One swallow does not a summer make; nor is a single month of poor economic data much of an indicator of a country’s medium term growth prospects.
Even so, Thursday’s disappointing industrial production and retail sales figures for April from Colombia must give pause to investors. Especially once you throw in the Q1 GDP number – also out on Thursday – which showed that growth in the economy is decelerating. Read more
Showdown time. Argentine union leader Hugo Moyano has called off a strike by drivers of fuel trucks that caused widespread shortages at petrol stations, but said all truck drivers would, instead, hold a nationwide strike and rally in front of the presidential palace on July 27. Read more
An American company trying to sell coffee to Latin America sounds like somebody selling ice to Eskimos or taking coal to Newcastle. Not least because the region produces most of the beans consumed worldwide.
Yet that is exactly what Starbucks is looking to do. This week, the Seattle-based coffee chain announced plans to ramp up its expansion in LatAm. The group said it wants to open ”several hundred” stores in Brazil in the next five years, to add to the 38 it currently owns, and open more than 300 new stores in Argentina and Mexico by 2015.
But will the region’s caffeine seekers bite? Read more
When Vladimir Putin returned to speak at the St Petersburg international investment forum on Thursday, he faced a tough task convincing investors the government will make progress on pledges to improve the investment climate. The problem was many of those gathered there had heard similar promises before. Read more
Brent crude for August delivery – the global benchmark oil price – fell below $90 a barrel on Thursday for the first time since December 2010.
The price has fallen from an intra-day high of $128.40 in on March 1. The price fell more than 3 per cent on Thursday alone.
The squeaky wheel gets the grease, they say, or in this case the gas. Poland is hoping that, after complaining loudly, it will soon get a price cut on its Russian gas supplies.
Poland pays some of the highest prices in Europe, despite being one of Gazprom’s largest customers, according to a study by Interfax and Vedomosti (The FT’s sister Russian paper). Poland pays $420 per 1,000 cubic metres of gas, compared to $410 for Italy, $379 for Germany and $333 for Slovakia. A cut would be good for consumers, including big chemicals groups such as Ciech. Read more
The Competition Commission of India (CCI) late on Thursday announced a whopping $1bn fine on 11 major cement companies, by far the largest such penalty it has ever imposed (and nearly twice the amount previously reported).
The increasingly-aggressive watchdog ordered the companies, which include majors such as Ultratech, ACC, and Binani, to hand over half the profits made in the past two years, with an additional penalty on the industry body, the Cement Manufacturers Association. Cement stocks are bound to feel the effects when trading opens in Mumbai on Friday. Read more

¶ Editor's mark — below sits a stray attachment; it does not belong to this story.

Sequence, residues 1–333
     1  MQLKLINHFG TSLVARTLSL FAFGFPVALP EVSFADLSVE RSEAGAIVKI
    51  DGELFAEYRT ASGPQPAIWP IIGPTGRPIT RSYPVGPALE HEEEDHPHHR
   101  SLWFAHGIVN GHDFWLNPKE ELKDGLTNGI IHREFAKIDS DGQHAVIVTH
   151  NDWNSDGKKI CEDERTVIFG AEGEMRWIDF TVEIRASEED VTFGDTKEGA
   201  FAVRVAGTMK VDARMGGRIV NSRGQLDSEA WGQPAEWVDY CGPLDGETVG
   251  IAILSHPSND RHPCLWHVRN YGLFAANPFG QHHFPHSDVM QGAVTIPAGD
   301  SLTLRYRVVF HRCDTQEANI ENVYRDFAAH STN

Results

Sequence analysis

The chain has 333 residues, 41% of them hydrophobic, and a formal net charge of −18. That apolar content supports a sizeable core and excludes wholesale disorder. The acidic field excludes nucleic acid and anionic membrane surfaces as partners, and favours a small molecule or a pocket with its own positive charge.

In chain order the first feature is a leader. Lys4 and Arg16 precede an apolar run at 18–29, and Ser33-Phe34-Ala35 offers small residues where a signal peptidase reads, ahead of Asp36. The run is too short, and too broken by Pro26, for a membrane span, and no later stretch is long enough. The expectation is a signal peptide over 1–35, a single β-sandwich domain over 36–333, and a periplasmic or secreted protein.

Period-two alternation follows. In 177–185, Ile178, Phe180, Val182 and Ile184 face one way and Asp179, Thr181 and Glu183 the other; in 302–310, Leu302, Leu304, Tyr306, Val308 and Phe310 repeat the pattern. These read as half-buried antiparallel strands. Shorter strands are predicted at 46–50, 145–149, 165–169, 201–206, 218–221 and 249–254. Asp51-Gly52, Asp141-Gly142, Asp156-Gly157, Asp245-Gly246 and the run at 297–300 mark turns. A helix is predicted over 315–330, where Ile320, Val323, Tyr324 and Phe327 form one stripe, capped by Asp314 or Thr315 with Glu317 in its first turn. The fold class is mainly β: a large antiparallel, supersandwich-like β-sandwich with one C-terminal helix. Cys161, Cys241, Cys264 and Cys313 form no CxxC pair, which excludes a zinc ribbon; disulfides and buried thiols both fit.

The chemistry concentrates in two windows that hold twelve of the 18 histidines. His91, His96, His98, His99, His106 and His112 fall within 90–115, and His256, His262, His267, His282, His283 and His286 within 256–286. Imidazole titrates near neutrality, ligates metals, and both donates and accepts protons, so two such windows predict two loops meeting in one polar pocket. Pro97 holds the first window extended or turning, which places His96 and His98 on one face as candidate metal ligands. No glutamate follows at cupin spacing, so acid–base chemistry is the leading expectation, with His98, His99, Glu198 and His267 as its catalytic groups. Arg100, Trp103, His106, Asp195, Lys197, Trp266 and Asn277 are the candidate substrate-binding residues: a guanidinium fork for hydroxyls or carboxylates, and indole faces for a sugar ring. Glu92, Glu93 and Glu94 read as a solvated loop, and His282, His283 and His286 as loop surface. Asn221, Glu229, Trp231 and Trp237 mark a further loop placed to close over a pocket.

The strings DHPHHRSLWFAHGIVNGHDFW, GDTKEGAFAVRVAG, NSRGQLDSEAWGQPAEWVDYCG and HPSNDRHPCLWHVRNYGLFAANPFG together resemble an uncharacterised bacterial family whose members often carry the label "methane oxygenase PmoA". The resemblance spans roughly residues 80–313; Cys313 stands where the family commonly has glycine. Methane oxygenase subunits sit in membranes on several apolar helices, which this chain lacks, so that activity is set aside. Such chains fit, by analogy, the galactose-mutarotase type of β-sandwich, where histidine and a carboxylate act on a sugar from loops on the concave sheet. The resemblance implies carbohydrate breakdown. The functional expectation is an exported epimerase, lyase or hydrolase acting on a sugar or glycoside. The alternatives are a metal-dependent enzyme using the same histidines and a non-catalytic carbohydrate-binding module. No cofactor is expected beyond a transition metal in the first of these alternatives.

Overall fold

By Mohammed Apabhai of Citigroup
Asian central bankers must have woken up this morning breathing a sigh of relief that the US Federal Reserve decided not to engage in another round of quantitative easing.
Although the experience of QE1, when the global economy was looking into the abyss, was positive for Asian markets, QE2 was altogether different. Read more
We might need a smaller pipe
Reliance Industries simply cannot get a break when it comes to Krishna Godavari D-6, the natural gas field it co-owns with BP.
On Thursday, shares in India’s largest company by market capitalisation were down as much as 3.47 per cent. Why? Reliance’s junior partner in the field, Canada’s Niko Resources – which owns a 10 per cent stake – issued a release cutting their estimates of the field’s reserves by 80 per cent, to 1.93tn cubic feet. Read more
* China factory data add to economy fears
* US ‘troubled’ as Egypt delays poll results
* China lowers barrier to foreign investors
* Greece Faces Downgrade To Emerging-Market Status By MSCI Read more
Ali Sabanci loves the gleaming Honda motorbike he has parked inside his office: it’s a 40th birthday gift that adds a touch of excitement to the business-like surroundings.
But he gets even greater pleasure from running Pegasus Airlines, Turkey’s largest operator after Turkish Airlines, the state-owned national carrier. Read more
Rapid backtracking on a ski development law appears to be the latest incidence of the Bulgarian government’s tendency to make policy on the hoof. The impression that legislation is poorly conceived and executed is frustrating ordinary Bulgarians and investors alike. Read more
Thursday’s further reading picks by the BB team: Egypt’s ‘deep state’ claws back; China heads for a ‘chindown’ – and its consumers are losing confidence; Mexico has drugs, violence – and a blooming economy. Plus, what did Aung San Suu Kyi have to say to the Dalai Lama in London? Read more
Oil prices slipped another notch on Thursday, putting pressure on producers, not least Russia, where the US$-denominated RTS index was down by 1.4 per cent around noon, Moscow time.
It was hardly an auspicious backdrop for the St Petersburg Economic Forum, Russia’s premier business conference, which is hosted personally by president Vladimir Putin.
But what to do? Russia is even more dependent on oil than it was 12 years ago when Putin first took power. So it’s not surprising that with Brent crude down 0.7 per cent at $92 a barrel, investors are jittery. Read more